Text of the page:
Lowpass Magazine puts a spotlight on local artists

Back in 2018, siblings Fernando and Karina Beltran set out to create their own zine, Lowpass Magazine. Based in Salinas, the two have been running copies of the zine since they were 20 and 15 years old, respectively. They created the zine with the idea of shedding light on local artists and fostering a positive environment where they would be motivated to create more. 

“The idea of the magazine, as much as we’re doing this thing, we want to help other people,” Karina explained. “It’s more about featuring other artists and while we’re doing that, it helps us in a way. But it’s not about us. It kind of gives people more of a purpose.”

“If you create something just to create something, only so much can happen from that. We don’t really profit from it or gain anything from it. We just do it because it looks pretty and it’s fun to hold something at the end of the day,” she said. 

Fernando added onto this statement, claiming that in Salinas “there’s a lot of untapped potential. A lot of people who go under the radar who deserve more of a spotlight and Lowpass is serving as a means to get their music to a larger audience.” 

Unlike other major California cities such as Los Angeles and San Francisco, which are known for their artistic roots, Salinas often gets overlooked, even though there’s so much hidden talent. 

“A lot of people go to L.A. with this specific idea of doing music. But there’s so many people in smaller areas who have just as much talent, working with less money, [that] deserve just as much,” Fernando said. “People like James Dean used to hang out here. John Steinbeck lived here who wrote [the] book ‘East of Eden’ which is about Salinas. There’s a lot of historical importance and a lot of importance still held [here].” 

The artistic legacy of Salinas continues to thrive to this day and is being highlighted by Lowpass Magazine.

As Karina added, “even today walking around, it’s either people are [performing] at the Beered Bean or there’s something happening at the bookstore or the antique store. I feel like downtown Salinas is gonna be popping off soon.”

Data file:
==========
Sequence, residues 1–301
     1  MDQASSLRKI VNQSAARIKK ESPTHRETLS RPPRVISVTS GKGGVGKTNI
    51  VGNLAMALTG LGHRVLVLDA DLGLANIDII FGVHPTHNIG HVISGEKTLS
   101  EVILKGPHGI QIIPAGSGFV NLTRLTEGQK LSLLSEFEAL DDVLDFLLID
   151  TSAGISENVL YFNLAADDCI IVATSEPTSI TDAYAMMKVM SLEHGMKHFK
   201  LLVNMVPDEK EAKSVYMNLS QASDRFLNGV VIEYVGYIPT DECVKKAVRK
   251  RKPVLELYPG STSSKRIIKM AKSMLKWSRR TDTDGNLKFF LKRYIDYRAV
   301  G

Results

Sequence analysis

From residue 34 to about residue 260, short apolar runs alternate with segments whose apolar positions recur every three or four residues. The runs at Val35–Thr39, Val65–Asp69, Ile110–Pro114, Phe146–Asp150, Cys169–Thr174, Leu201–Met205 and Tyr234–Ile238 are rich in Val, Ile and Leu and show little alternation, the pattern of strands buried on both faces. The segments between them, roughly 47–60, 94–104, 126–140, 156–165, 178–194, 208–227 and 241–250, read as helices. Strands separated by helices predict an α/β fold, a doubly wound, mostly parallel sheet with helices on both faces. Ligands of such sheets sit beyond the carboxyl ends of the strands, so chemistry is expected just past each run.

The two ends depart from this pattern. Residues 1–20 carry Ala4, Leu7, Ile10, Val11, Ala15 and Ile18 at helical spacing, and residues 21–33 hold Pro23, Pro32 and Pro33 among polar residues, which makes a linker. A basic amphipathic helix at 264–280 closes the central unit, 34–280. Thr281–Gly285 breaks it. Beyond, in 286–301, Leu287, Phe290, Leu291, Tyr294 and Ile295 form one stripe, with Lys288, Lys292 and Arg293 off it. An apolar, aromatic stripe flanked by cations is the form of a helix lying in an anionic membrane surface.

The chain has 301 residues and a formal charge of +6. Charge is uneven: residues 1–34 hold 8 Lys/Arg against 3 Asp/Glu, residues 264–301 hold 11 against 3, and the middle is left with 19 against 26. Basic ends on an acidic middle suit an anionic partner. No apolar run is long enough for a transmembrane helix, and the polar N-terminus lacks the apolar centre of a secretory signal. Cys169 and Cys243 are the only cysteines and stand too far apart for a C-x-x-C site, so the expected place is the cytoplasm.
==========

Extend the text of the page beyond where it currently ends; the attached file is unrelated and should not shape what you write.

The newest issue of Lowpass Magazine, set to release on Feb. 22, will have the theme of angel numbers and glitchy aesthetics. 

“We have a lot more writing in this one. We have two interviews and an article on a music teacher gone deaf. The show is gonna actually be at the 222 building [located at 222 Main ST, Salinas, CA]” Karina said. 

With the help of Lowpass Magazine, the community continues to grow with artists from around the world showcasing their talent in this Salinas-based zine. In the past, they have included artists from Los Angeles, San Francisco, San Diego, Tennessee, and even Italy. 

In the words of their videographer Owen Lemon, “We’re letting a whole population know that we’re here. We’re doing this. We exist.”

Instagrams: @lowpassmagazine, @nandointhebando, @7kikizinatree

1 COMMENT

  1. Hi Karina and Fernando (perhaps via Bryan Chavez),
    Interested in buying your zine but both Mty Museum of Art and the other Monterey Museum by wharf said they were not aware of it, despite what County Weekly wrote. Will try Old Capitol Books, (when they open). Any other place in Monterey where available? Thank you, and looking forward to reading it.
    Elaine Herrmann

    (Worked at both Salinas hospitals for years and always interested in art world there. Are you aware of Hijos Del Sol in Salinas? Director/founder Jose Ortiz a remarkable man; it seems u 3 have common purpose and interests)

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